Susanna is eating when something happens in her jaw, and her cheek begins to swell. By the time she gets back to the ward from her meal, there is a swelling the size of a Ping-Pong ball on the side of her face. Valerie takes one look at Susanna, knows that she is having trouble with a wisdom tooth, and takes her over to see the dentist in a separate building. The dentist tells Susanna that she has an abscess and offers to take the tooth out. Susanna tells the doctor that she will not let him. Valerie suggests the dentist control the infection with antibiotics, and he agrees.
When Susanna’s face swells up and requires her to visit the dentist, it becomes evident that since her hospitalization she has developed a wariness around medical professionals. Valerie accompanies and supports her, and does not say anything negative about Susanna’s skepticism and desire to avoid an extraction.
After several days of taking penicillin, Susanna’s swelling has gone down, but she has broken out in a rash. Valerie tells her that there can be no more postponing the tooth extraction, and warns her never to take penicillin again, as she is clearly allergic. When Susanna refuses to go back to the dentist at the hospital, Valerie offers to take Susanna to her own dentist in Boston.
When Susanna develops a reaction to the penicillin, Valerie—knowing about Susanna’s fear of doctors—offers to bring Susanna to her own dentist in an unprecedented act of kindness and empathy.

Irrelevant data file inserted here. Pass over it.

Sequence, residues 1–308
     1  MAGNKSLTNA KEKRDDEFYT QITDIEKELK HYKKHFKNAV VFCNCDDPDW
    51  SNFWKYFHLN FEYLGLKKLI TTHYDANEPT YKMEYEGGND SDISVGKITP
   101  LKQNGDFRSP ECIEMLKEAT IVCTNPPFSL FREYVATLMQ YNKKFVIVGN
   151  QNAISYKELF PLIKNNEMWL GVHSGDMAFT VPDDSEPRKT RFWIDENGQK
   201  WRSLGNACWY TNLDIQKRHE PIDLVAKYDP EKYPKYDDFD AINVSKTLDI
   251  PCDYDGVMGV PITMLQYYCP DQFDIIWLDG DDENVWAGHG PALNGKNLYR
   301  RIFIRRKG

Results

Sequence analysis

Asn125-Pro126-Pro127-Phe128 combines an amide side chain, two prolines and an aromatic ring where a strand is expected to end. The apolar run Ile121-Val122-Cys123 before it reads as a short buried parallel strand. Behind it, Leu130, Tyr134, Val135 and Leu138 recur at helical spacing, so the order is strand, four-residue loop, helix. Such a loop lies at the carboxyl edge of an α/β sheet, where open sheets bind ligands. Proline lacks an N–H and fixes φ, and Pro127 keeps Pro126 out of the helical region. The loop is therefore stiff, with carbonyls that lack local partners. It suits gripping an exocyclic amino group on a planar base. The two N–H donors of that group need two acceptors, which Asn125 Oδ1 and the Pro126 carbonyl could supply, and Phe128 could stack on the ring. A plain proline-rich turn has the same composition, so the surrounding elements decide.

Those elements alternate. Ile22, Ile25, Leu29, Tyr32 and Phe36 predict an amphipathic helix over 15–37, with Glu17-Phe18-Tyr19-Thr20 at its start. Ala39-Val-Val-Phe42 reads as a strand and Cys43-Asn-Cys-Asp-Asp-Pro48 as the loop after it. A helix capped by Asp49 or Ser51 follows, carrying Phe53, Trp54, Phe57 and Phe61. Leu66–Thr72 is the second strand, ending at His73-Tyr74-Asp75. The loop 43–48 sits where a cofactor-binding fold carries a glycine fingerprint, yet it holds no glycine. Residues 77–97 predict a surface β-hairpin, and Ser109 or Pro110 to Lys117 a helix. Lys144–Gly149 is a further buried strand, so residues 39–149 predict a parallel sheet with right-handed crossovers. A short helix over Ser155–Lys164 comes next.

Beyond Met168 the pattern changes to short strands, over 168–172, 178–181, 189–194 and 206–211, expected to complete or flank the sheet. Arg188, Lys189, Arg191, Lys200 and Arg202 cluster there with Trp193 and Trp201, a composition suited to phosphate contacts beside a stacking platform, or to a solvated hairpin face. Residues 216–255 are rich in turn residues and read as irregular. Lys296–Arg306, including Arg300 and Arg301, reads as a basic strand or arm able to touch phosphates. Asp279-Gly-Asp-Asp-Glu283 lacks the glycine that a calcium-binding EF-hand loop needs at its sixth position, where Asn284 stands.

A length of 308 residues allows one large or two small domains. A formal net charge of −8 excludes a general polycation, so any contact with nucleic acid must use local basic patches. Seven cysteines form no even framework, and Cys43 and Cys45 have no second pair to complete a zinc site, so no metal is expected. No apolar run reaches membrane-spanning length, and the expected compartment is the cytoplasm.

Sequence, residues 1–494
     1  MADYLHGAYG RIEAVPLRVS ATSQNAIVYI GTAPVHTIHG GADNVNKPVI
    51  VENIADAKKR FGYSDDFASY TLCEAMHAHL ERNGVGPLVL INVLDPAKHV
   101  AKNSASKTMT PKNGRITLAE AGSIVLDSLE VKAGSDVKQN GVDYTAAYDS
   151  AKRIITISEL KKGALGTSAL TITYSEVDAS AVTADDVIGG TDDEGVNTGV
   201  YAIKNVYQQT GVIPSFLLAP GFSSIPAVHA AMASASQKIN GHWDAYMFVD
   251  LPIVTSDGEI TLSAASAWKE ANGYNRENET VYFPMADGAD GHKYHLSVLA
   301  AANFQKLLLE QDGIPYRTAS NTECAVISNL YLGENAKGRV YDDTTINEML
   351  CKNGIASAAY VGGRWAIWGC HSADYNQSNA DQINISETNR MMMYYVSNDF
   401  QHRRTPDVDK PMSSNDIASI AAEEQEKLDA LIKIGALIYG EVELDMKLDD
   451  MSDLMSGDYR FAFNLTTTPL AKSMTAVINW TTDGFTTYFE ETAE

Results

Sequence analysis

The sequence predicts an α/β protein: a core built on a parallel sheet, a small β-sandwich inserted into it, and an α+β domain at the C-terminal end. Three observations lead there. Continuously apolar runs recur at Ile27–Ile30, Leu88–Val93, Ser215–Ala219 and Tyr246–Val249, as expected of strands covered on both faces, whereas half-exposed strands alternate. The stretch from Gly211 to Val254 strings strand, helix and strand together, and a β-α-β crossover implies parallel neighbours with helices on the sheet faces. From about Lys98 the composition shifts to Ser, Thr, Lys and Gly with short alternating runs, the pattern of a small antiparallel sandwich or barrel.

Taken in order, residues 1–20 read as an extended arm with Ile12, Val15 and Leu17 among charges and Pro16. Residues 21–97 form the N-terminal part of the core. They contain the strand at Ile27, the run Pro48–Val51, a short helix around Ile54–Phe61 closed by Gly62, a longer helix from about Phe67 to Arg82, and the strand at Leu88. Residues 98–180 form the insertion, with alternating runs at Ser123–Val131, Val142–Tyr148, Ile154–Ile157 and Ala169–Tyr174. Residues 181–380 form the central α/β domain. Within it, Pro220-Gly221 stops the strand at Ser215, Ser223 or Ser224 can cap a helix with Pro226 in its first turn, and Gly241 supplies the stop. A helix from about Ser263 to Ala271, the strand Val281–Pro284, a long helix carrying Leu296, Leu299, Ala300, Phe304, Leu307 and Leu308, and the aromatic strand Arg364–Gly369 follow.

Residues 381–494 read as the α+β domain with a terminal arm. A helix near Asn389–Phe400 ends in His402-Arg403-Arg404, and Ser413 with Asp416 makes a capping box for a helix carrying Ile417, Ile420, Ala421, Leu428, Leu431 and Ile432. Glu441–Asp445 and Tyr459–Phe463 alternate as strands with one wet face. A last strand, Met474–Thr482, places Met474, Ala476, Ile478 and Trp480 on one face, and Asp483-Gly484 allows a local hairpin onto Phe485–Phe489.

At the dentist’s office, the dentist tells Susanna to lean back in the examination chair and count to ten. Before Susanna can get to four, she is sitting up with a hole in her mouth. She wants to know where “it” went, and the dentist holds up her bloody tooth. Susanna, though, was not asking about her tooth—she was asking about the time. She has been dropped into the future, and is deeply unsettled. Susanna begs to know how long the procedure took and how much time was taken from her, but neither Valerie nor the dentist will answer her directly. In the cab, Valerie holds up Susanna’s tooth. Susanna thanks Valerie for stealing the tooth for her, but explains that she still really needs to know how much time she lost during the procedure. Then she breaks down in tears.
Susanna becomes upset and agitated when she realizes that she has “lost time” during her extraction. Susanna’s fear of losing time mirrors her fear of losing the time she is spending in McLean. Susanna is afraid that when she finally leaves the hospital, there will be an unfillable chasm between her old life and her new one, and no way to account for what has happened in between. This experience at the dentist brings those fears to the forefront, and Valerie responds, again, with empathy and understanding.